For 25 years, we have built trusted relationships with biotech sponsors, with 90% of our customers being repeat and referral. 

Case Study

A sponsor of a pivotal Phase 3 prostate cancer study investigating a radiopharm product approached PSI for support based on our experience and established network of 300 global radiopharmaceutical sites. 

Global Reach

Clinical trial sponsors working in oncology, hematology, IBD, infectious diseases, multiple sclerosis, and many rare diseases rely on PSI’s guidance and experience. 

Putting the Focus Back on Site Relationships in Clinical Trials Read More »

Iv drip with gray overcast sky in the background

7 Challenges for Sponsors of Biosimilar Clinical Trials

This is the second of two articles based on our new white paper on biosimilar development in Inflammatory Bowel Diseases (IBD). In our previous article, we discussed some of the common regulatory considerations for biosimilar clinical trials. In this article, we focus on some of the greatest design and operational challenges. In the highly competitive IBD landscape, understanding the unique obstacles that biosimilar development can pose can help sponsors predict potential challenges and pivot effectively.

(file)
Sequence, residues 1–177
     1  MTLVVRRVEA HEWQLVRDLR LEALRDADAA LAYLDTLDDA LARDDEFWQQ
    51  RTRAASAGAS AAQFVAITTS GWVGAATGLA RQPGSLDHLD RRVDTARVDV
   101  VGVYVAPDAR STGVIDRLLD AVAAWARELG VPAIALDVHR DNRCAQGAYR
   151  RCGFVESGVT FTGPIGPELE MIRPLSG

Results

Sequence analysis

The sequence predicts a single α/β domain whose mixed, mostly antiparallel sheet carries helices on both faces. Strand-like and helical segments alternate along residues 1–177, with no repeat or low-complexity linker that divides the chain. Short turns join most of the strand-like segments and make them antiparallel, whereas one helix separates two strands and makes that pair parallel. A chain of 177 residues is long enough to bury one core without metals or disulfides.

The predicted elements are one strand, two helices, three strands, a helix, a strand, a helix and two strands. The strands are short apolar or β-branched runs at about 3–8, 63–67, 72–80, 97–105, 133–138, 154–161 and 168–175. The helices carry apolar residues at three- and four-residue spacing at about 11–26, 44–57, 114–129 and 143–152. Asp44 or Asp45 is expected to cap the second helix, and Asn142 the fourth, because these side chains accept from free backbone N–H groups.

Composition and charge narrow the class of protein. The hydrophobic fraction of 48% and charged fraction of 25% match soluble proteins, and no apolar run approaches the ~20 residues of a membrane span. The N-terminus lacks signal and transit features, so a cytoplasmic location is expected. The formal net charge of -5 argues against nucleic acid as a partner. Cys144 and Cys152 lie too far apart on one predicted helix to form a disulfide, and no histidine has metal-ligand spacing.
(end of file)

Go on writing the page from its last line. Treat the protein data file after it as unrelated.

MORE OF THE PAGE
Designing biosimilar clinical trials to support comparability and future extrapolation requires careful planning from the outset to ensure these and other criteria are met. Sponsors should consider working with a partner experienced in understanding and overcoming the challenges of these studies. Key challenges include:

  • Endpoint selection: Ulcerative colitis, Crohn’s disease, and other IBDs are multifactorial diseases with highly subjective manifestations. When determining endpoints for biosimilar trials in IBD, it is important to select endpoints that capture relevant aspects of the disease and are sensitive enough to provide clinically meaningful results.